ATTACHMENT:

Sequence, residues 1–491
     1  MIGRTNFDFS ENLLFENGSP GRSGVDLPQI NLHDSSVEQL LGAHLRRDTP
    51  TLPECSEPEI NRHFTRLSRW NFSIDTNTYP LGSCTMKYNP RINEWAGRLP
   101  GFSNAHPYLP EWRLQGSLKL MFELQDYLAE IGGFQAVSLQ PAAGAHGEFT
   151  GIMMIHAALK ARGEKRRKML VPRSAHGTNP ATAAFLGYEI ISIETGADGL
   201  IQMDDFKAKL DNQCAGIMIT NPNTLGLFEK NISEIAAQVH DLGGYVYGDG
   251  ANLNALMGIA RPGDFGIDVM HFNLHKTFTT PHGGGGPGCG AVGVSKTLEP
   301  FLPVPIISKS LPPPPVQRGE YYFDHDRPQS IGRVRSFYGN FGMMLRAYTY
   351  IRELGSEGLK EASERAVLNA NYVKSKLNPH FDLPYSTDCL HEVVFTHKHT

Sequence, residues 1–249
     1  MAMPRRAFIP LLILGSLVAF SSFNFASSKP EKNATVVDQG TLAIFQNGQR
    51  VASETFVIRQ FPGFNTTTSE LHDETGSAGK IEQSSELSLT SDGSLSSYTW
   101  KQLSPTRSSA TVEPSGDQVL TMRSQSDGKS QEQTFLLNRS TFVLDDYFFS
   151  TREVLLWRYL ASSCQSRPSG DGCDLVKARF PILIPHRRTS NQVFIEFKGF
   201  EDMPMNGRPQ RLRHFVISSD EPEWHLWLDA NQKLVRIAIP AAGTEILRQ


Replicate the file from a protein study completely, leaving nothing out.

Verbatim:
Sequence, residues 1–491
     1  MIGRTNFDFS ENLLFENGSP GRSGVDLPQI NLHDSSVEQL LGAHLRRDTP
    51  TLPECSEPEI NRHFTRLSRW NFSIDTNTYP LGSCTMKYNP RINEWAGRLP
   101  GFSNAHPYLP EWRLQGSLKL MFELQDYLAE IGGFQAVSLQ PAAGAHGEFT
   151  GIMMIHAALK ARGEKRRKML VPRSAHGTNP ATAAFLGYEI ISIETGADGL
   201  IQMDDFKAKL DNQCAGIMIT NPNTLGLFEK NISEIAAQVH DLGGYVYGDG
   251  ANLNALMGIA RPGDFGIDVM HFNLHKTFTT PHGGGGPGCG AVGVSKTLEP
   301  FLPVPIISKS LPPPPVQRGE YYFDHDRPQS IGRVRSFYGN FGMMLRAYTY
   351  IRELGSEGLK EASERAVLNA NYVKSKLNPH FDLPYSTDCL HEVVFTHKHT

Sequence, residues 1–249
     1  MAMPRRAFIP LLILGSLVAF SSFNFASSKP EKNATVVDQG TLAIFQNGQR
    51  VASETFVIRQ FPGFNTTTSE LHDETGSAGK IEQSSELSLT SDGSLSSYTW
   101  KQLSPTRSSA TVEPSGDQVL TMRSQSDGKS QEQTFLLNRS TFVLDDYFFS
   151  TREVLLWRYL ASSCQSRPSG DGCDLVKARF PILIPHRRTS NQVFIEFKGF
   201  EDMPMNGRPQ RLRHFVISSD EPEWHLWLDA NQKLVRIAIP AAGTEILRQ